“I don’t feel safe in Appleton, Wisconsin,” said Senior Oumou Cisse, explaining her motivation for organizing the protest that took place in the Appleton City Center plaza and on College Ave. last Saturday, Oct. 31. “We really need to reevaluate our integrity as an institution and as a community if we say we value our students of color and want to retain them,” continued Cisse.
“Racism is a real issue that is harming this community and this institution…This is very much an everyday reality for many students here and it is just being swept under the rug like many other social justice issues that continue to be dealt with,” said Cisse. Cisse cited an article published by the Root in November of last year titled “The 5 Worst States for Black People,” explaining that Wisconsin is one of the worst states for black people to live, due to disproportionate incarceration rates, poor education rates and segregation of the black community, among other factors.
The protest included about 20 Lawrence students of various backgrounds. However, the shared sentiment was clear: Appleton does not feel safe, and Lawrence has not responded with adequate measures to ensure the safety of students of color in the community.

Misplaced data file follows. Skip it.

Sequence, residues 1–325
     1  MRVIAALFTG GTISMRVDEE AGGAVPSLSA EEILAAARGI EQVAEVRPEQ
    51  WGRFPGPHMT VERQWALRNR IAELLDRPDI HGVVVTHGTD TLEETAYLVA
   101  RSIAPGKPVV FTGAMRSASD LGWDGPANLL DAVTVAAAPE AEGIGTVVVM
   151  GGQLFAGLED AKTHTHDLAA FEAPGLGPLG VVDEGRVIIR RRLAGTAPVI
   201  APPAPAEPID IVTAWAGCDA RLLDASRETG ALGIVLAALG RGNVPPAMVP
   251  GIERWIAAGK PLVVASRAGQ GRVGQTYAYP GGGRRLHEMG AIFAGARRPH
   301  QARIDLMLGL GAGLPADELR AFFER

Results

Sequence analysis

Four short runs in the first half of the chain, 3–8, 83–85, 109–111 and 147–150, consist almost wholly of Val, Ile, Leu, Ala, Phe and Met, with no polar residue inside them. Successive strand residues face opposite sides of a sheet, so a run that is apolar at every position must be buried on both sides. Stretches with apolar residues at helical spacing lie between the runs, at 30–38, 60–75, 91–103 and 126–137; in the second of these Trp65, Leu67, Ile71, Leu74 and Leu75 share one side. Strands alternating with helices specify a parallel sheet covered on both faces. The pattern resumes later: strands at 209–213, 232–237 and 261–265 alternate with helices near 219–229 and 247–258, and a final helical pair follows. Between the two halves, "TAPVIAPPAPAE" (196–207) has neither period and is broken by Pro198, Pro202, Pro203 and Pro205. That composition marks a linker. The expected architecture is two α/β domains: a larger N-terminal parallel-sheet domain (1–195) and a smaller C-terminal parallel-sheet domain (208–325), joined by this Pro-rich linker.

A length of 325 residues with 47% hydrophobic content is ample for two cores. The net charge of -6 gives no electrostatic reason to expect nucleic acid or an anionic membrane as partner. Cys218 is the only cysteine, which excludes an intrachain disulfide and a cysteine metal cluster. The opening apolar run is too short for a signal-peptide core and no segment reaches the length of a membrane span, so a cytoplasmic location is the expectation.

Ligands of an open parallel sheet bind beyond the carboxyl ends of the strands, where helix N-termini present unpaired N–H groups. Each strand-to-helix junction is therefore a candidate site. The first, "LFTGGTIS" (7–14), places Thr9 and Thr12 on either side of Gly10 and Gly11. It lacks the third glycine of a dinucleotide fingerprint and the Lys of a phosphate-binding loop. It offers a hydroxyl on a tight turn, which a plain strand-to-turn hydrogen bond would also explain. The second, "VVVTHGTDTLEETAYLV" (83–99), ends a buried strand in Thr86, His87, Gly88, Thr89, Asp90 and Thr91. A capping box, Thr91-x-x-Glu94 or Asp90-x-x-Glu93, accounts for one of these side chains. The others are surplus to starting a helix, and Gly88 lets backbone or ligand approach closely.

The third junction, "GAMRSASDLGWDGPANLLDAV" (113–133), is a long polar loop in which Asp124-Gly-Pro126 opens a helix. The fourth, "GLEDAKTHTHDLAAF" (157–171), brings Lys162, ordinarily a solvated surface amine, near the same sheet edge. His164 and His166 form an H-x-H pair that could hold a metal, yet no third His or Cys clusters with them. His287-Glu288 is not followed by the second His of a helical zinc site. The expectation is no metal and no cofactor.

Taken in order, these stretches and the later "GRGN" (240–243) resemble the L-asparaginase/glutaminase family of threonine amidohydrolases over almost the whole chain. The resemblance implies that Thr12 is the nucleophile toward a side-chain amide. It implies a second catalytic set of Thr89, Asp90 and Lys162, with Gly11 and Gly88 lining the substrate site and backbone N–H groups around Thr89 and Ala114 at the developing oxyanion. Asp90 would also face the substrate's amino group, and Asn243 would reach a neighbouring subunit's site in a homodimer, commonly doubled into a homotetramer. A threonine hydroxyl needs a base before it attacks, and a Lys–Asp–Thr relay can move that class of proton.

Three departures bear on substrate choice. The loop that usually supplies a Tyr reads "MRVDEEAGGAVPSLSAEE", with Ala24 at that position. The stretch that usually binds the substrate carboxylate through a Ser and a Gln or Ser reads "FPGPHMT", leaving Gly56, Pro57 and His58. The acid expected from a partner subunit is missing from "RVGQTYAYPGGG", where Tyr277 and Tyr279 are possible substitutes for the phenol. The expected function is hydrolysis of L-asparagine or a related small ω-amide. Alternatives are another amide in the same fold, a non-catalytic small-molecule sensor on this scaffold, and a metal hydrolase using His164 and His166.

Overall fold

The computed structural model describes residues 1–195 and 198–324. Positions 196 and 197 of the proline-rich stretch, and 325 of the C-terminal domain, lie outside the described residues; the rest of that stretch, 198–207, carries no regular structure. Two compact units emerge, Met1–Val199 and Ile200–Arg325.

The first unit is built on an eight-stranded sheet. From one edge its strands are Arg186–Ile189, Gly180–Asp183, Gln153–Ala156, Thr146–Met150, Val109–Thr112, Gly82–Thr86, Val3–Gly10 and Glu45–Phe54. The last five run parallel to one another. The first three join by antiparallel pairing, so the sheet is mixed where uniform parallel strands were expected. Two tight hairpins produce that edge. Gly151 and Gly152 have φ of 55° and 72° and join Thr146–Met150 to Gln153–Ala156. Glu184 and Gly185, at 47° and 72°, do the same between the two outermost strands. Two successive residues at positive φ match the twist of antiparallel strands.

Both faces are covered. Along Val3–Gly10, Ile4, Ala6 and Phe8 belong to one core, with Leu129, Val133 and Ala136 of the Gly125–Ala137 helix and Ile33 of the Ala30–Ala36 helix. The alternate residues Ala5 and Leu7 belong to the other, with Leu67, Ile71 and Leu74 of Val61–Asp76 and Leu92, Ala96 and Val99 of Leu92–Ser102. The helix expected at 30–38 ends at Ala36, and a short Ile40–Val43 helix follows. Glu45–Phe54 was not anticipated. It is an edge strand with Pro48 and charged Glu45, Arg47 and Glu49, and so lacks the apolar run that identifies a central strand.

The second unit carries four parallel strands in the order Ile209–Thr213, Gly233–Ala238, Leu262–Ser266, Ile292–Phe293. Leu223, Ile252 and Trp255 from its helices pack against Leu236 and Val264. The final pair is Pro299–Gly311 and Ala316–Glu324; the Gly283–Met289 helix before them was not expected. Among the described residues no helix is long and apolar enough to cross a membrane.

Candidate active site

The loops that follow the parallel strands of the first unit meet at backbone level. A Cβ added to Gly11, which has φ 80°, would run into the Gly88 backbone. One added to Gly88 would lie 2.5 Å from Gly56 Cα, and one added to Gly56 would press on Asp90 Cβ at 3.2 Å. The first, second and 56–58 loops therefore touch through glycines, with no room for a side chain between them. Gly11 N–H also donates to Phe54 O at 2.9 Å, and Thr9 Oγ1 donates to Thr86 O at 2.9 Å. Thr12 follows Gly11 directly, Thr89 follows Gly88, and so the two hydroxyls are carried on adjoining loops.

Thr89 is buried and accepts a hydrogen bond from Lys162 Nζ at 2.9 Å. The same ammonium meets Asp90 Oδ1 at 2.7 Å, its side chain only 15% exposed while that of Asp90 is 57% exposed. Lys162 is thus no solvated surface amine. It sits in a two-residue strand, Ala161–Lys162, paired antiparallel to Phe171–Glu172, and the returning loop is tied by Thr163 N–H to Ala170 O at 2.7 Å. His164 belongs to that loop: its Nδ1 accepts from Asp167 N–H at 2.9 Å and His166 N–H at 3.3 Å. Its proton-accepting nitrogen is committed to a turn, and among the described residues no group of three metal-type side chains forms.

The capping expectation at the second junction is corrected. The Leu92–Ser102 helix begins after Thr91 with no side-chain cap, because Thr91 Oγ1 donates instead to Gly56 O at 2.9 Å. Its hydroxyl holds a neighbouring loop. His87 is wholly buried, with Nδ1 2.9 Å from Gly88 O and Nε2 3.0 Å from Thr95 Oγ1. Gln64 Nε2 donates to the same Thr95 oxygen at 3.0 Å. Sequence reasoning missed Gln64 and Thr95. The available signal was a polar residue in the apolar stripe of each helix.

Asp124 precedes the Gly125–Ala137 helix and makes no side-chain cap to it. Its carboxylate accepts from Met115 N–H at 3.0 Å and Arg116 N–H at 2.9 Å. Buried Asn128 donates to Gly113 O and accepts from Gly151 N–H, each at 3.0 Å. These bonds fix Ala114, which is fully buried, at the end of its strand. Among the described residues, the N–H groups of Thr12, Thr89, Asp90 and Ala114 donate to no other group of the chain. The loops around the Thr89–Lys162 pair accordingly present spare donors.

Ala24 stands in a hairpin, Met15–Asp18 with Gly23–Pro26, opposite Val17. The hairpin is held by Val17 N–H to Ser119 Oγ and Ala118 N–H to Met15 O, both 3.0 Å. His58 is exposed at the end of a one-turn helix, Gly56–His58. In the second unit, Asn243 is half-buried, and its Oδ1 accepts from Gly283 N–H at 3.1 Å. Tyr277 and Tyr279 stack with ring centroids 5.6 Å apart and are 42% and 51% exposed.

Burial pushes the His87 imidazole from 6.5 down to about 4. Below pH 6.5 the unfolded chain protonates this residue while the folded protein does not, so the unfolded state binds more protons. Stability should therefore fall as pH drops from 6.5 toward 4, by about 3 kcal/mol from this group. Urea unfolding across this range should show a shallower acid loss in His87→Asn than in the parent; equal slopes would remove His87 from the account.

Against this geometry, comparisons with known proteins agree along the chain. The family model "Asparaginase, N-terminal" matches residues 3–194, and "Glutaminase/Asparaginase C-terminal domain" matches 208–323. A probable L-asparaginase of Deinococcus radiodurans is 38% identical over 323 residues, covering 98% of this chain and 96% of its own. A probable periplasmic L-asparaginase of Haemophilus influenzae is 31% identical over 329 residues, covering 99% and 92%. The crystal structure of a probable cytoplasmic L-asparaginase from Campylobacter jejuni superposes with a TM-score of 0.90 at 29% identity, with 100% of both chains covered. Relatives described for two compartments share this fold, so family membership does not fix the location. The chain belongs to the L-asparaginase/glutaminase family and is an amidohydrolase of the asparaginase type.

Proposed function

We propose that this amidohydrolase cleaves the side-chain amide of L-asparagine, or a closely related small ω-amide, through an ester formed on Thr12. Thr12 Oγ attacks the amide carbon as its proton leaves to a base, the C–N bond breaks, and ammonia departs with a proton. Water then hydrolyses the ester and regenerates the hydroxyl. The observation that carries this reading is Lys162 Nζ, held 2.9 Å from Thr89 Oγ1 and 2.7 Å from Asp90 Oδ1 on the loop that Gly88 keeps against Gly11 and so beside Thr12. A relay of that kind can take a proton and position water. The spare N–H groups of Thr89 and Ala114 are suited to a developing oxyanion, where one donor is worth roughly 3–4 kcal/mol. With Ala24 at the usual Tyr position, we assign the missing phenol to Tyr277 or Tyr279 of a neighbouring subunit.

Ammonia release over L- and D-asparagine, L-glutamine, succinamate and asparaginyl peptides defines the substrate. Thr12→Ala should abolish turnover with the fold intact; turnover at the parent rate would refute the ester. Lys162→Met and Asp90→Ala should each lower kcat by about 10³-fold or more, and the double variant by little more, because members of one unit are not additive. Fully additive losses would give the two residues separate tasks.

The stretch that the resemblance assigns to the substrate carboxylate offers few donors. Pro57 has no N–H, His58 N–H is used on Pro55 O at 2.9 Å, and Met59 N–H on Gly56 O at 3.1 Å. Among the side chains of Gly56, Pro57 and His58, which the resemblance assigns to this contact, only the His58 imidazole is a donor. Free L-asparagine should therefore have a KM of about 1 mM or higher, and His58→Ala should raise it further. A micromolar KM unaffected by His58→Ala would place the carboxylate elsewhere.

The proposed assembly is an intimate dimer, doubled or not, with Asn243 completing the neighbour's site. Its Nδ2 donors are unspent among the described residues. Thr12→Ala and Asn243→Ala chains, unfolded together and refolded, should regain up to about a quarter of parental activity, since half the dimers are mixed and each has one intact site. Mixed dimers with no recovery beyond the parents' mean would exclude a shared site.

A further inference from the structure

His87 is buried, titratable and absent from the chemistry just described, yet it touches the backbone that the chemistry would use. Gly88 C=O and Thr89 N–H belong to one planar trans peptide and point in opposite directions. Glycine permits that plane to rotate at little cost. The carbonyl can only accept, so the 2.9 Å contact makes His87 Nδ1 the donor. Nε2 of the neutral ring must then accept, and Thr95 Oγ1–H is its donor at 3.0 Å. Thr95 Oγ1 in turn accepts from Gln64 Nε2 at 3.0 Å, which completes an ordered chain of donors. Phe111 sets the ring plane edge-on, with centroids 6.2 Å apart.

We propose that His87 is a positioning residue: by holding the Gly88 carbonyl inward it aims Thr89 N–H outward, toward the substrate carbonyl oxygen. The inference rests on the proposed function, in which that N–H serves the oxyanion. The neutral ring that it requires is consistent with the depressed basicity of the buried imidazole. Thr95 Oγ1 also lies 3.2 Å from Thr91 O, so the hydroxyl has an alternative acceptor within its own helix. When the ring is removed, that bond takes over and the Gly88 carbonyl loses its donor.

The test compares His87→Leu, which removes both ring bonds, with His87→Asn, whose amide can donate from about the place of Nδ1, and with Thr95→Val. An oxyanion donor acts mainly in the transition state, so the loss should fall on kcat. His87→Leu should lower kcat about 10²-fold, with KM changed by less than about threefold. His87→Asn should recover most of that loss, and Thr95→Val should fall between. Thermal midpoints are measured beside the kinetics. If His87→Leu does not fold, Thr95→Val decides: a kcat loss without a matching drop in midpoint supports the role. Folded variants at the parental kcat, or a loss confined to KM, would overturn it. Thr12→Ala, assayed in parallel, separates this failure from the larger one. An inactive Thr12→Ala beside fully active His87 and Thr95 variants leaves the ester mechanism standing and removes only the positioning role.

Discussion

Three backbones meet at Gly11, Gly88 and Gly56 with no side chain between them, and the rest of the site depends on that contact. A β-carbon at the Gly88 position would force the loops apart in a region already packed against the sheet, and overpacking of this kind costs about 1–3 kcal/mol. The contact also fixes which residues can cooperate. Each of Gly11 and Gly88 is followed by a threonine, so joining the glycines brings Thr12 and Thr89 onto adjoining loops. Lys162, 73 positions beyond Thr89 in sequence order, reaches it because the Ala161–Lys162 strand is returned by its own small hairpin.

Senior Jaime Gonzalez was one of the students who participated in Saturday’s protest, marching up and down College Ave. in the rain and, at one point, into City Council chambers.
“[…] As [a] person who receives racist and hateful comments from the Appleton community while on College Avenue and throughout the Fox Valley, I wanted the community to know that we are tired of the harassment and things need to change,” said Gonzalez.
“I think Appleton and Lawrence do a great job of working together on collaborative efforts that benefit each other in terms of volunteerism, internships and events but it doesn’t do a good job of addressing issues of racism, homophobia and transphobia in relation to the safety of Lawrence students,” he continued, explaining the apparent conflict of ideologies visible between Lawrence and the Appleton community regarding issues of social justice.
Cisse believes that the next step after the protest is a series of conversations, both among Lawrence community members and the city of Appleton in general. “All of these [negative] comments heard during the protest and written online reaffirm experiences of many students of color and show how crucial events like this are, because we do have people in our community that really don’t want us to be here,” said Cisse. “[…] this needs to end now. We are tired of waiting for things to change.”
In response to the event, President Burstein has asked Lawrence students of color to attend a dinner and conversation on Tuesday, Nov. 17 at Sankofa House.